Abstract

Jar handle sealing in the Levant and Egypt: A diachronic perspective on administration and cultural exchange over four millennia
Tatjana Beuthe (University of Bern)

In the eastern Mediterranean, vessel handles were impressed with seals prior to firing from the 4th millennium BCE to the 1st millennium CE. This four-thousand-year practice appears to have served symbolic and administrative purposes, since the sealed vessels and their contents were frequently traded with different regions. However, a detailed examination of the origins and development of jar handle sealing in Egypt has not been undertaken. The present paper highlights the origins of jar handle sealing in the Levant and how cultural exchanges between Egypt and the Levant continued to shape implementations of this practice over time. Consequently, this paper investigates how and why jar handle seal impressions were employed as part of production systems for goods in both regions.


Row, row, row your bed? The bed and the solar barque
Manon Schutz (University of Oxford, University of Trier)

Every night, the sun god has to die in order to rise again in the morning. As the Nile represents not only life in ancient Egypt, but also its main artery, it is not surprising that the deity’s chosen means of transportation is the barque. Seeing this solar cycle every day, the departed wishes to follow the path of the sun to be reborn daily. Yet, in the tomb context, the sleeper-deceased is usually shown lying atop a bed, not a barque.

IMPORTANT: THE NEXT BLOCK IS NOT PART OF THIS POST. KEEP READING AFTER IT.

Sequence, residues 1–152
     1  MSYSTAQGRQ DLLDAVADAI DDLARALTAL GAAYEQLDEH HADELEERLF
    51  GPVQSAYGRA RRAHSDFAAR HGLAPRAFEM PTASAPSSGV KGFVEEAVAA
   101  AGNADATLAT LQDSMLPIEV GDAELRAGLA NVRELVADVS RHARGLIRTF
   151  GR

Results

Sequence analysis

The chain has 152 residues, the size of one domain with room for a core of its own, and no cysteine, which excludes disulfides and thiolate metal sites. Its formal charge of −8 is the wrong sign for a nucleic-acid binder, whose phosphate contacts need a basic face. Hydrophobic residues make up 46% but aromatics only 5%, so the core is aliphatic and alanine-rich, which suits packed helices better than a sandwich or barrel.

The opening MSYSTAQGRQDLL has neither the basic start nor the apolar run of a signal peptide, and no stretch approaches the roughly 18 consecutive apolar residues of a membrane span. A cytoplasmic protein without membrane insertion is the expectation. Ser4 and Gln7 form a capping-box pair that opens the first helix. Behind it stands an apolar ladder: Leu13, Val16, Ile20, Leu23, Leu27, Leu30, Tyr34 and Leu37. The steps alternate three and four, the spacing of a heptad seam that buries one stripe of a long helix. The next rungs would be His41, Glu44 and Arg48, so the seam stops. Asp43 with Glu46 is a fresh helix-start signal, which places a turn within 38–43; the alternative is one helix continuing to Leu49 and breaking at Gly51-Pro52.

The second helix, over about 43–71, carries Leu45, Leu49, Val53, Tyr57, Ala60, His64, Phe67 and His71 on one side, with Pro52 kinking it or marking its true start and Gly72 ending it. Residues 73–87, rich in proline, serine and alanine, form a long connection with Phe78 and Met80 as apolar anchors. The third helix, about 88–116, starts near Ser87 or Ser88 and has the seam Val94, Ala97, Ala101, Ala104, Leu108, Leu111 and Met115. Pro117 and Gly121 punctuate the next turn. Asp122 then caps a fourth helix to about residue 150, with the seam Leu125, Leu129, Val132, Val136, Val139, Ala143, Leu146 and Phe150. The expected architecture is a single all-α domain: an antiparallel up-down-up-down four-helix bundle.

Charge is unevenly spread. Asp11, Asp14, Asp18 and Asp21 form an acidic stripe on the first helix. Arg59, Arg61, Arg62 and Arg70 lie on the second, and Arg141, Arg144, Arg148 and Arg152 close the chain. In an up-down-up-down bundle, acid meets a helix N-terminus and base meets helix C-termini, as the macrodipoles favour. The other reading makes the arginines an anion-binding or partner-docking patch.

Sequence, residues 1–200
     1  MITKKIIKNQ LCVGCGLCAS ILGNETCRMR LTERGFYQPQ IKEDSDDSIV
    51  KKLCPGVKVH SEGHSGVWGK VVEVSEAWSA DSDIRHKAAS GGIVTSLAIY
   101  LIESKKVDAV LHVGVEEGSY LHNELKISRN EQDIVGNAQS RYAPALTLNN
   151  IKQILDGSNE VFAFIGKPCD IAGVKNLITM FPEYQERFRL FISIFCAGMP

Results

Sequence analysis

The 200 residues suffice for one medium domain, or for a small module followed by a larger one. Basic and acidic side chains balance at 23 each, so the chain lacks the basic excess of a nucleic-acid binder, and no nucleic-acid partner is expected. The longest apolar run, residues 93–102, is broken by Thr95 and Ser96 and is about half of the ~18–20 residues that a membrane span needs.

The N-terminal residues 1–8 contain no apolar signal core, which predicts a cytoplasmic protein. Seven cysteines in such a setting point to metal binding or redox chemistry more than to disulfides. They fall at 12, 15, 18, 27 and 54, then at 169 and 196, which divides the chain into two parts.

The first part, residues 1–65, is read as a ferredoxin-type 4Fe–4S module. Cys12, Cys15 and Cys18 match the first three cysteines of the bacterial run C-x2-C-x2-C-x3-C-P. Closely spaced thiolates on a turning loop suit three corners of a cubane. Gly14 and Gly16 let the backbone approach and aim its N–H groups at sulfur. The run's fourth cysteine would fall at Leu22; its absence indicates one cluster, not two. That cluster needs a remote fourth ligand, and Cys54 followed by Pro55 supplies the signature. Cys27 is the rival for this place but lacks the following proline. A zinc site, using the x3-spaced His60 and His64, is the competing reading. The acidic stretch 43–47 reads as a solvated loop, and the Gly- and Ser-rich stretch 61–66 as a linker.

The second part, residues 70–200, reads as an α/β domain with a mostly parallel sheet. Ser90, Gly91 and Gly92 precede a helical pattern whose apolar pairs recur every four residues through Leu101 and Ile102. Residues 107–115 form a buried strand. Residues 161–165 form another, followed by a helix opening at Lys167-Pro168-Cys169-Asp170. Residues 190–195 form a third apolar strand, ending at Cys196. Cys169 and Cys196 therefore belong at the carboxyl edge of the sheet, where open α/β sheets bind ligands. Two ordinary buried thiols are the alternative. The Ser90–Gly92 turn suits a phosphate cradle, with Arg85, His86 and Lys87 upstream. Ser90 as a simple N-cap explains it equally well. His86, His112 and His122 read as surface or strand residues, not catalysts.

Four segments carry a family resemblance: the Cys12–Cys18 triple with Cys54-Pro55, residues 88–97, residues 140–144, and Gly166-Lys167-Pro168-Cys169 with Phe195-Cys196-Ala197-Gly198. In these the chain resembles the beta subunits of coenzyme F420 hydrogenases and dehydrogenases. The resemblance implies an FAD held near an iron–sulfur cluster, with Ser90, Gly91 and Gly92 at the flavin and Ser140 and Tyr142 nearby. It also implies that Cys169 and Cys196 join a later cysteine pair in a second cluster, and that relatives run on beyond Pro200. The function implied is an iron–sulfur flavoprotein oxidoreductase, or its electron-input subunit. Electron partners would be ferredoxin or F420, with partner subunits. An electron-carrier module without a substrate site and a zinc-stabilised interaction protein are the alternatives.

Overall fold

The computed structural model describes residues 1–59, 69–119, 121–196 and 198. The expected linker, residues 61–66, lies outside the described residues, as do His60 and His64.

The aim of this paper is to analyse possible similarities and differences between beds and barques. Thus, for instance, one might wonder whether there is a link between the burial arrangement in the tomb of Merenptah and the solar barques depicted on Ramesses’ VI ceiling. How should the scene of Anubis tending to the mummy on a boat, the latter being placed atop a bed, be understood?


Shedding Light on Egyptian Mirrors
Elizabeth Thomas (University of Liverpool)

Mirrors have received attention for their cultural significance. However, in depth investigations into their production have been lacking with only a handful included in wider analyses. So how were mirrors manufactured and what kind of reflection did they produce? How did the Egyptian elite see themselves? The combination of metallurgical analysis and experimental work presented here aims to shed light on some of these questions.

With the use of a novel sampling method, analysis of mirrors using SEM-EDX has revealed the chemical composition and microstructure of the metal. This has allowed the manufacturing techniques used to produce them to be characterised. Additionally, different surface treatments have been identified which will have varying effects on the type of reflection created. Ongoing experimental work based on these analyses aims to re-create the manufacturing sequence alongside the visual characteristics of the mirrors which will aid our understanding of how they originally functioned.


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